A recent study from the University of Warwick revealed chicken, mackerel, pork shoulder and beef sirloin steak as some of the most filling foods. They also found that plums, apricots, avocados, lentils and almonds have the same hunger-busting effect.

Check back tomorrow for our blog about vitamins!

Read our Choices leaflet about diet and nutrition and download it for free at www.ms-uk.org/choiceslife.

Guest blog: MS and sugar

Posted on: July 25 2017

chloe-photo-for-mum-blog.jpgIn her latest guest blog Chloe discusses the effects of sugar on multiple sclerosis and the work of Dr Terry Wahls...

I’ve had MS for 16 years now and it’s taken all of those 16 years for me to realise the obvious. Sugar is bad for me and my MS.

Okay okay…I’ve actually always known but have turned a very blind eye to it in the past. I mean sugar is delicious! I have a good diet, don’t get me wrong, but who can resist a sugary treat?! Not me.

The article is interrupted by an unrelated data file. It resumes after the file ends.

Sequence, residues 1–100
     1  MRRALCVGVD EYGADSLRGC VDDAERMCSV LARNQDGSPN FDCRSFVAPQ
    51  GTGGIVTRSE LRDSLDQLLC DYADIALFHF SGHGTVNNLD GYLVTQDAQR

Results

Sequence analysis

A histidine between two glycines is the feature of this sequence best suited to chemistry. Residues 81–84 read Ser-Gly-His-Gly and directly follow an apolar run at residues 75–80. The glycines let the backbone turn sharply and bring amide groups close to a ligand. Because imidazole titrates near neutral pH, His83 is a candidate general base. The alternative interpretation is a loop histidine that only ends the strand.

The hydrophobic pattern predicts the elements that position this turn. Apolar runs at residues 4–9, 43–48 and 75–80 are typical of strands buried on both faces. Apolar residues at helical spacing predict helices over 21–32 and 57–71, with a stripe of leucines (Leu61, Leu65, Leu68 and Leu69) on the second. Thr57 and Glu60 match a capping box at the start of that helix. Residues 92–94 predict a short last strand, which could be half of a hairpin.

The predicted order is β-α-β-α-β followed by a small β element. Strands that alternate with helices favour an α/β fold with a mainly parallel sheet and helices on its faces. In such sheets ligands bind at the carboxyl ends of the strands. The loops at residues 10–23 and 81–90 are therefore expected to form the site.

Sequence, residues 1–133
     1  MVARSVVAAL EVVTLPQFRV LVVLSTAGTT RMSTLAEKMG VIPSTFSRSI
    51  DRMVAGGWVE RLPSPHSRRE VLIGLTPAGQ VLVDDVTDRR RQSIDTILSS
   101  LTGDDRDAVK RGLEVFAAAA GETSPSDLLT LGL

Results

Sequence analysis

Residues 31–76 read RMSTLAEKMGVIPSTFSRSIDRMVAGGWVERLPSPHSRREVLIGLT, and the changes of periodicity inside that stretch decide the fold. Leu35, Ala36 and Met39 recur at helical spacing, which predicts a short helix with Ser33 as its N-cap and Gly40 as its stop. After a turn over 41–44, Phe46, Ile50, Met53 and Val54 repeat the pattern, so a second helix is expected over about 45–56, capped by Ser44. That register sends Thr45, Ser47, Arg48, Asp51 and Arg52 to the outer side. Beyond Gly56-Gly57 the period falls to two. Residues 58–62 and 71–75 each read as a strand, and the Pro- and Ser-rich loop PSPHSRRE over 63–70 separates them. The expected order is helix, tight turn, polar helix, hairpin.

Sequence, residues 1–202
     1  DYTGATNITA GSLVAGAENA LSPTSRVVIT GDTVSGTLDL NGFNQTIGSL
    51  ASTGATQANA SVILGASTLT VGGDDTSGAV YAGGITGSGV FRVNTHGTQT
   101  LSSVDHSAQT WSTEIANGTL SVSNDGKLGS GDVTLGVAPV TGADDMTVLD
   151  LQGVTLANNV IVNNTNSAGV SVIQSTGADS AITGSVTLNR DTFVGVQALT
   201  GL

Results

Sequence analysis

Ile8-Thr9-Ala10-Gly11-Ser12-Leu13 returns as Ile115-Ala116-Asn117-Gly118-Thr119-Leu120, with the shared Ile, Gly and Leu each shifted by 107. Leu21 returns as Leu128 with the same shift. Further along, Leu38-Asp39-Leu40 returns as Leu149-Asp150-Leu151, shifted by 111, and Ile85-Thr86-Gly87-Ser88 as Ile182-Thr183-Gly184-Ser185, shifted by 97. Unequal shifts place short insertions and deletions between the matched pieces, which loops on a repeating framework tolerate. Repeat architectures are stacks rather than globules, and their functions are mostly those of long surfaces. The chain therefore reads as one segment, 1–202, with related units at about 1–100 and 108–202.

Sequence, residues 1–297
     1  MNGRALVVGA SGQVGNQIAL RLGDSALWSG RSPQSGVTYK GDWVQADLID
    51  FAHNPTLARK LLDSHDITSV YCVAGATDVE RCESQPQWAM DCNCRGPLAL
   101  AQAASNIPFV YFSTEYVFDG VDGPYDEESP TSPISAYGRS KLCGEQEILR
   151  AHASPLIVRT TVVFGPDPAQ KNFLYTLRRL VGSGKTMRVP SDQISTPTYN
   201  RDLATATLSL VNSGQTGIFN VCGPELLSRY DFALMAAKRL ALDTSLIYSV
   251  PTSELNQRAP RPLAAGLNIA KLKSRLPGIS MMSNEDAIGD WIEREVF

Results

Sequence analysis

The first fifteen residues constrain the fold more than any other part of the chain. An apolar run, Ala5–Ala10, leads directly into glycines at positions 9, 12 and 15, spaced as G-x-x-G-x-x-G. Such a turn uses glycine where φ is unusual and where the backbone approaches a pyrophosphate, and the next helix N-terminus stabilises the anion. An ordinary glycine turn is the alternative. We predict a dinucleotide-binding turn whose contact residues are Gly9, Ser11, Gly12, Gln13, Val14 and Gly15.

The problem with sugar is that the effects are instantaneous with me. If I have something sugary I go tingly. End of story. Even having a yoghurt (pumped full of sugar it seems) would leave me with tingles all down the right side of my face. So the signs that sugar was no good for me were there.

It’s only been recently though that I’ve decided to do something about it. There’s been a lot of research done into the harmful effects of sugar and I couldn’t help but take notice.

There are a lot of websites in particular that talk about the effects sugar has on MS, and how one should avoid it. I found the work of Dr Terry Wahls in particular an interesting read, and was fascinated by her book, The Wahls’ Protocol. The protocol is designed to ‘restore health and vitality to those with MS’, and was created by Dr Wahls after conventional medicine had no effect on the progression of her MS. I, and Dr Wahls, are not suggesting that people with MS shun treatment and go with the diet instead, but purely that it’s an alternative for those who have had no result from treatment. Likewise, it’s a healthy and beneficial diet for all those who have chronic autoimmune conditions, whether they are on treatment or not. I’m on Tysabri which fingers crossed seems to be doing good things so far, but had been failed by 3 treatments before.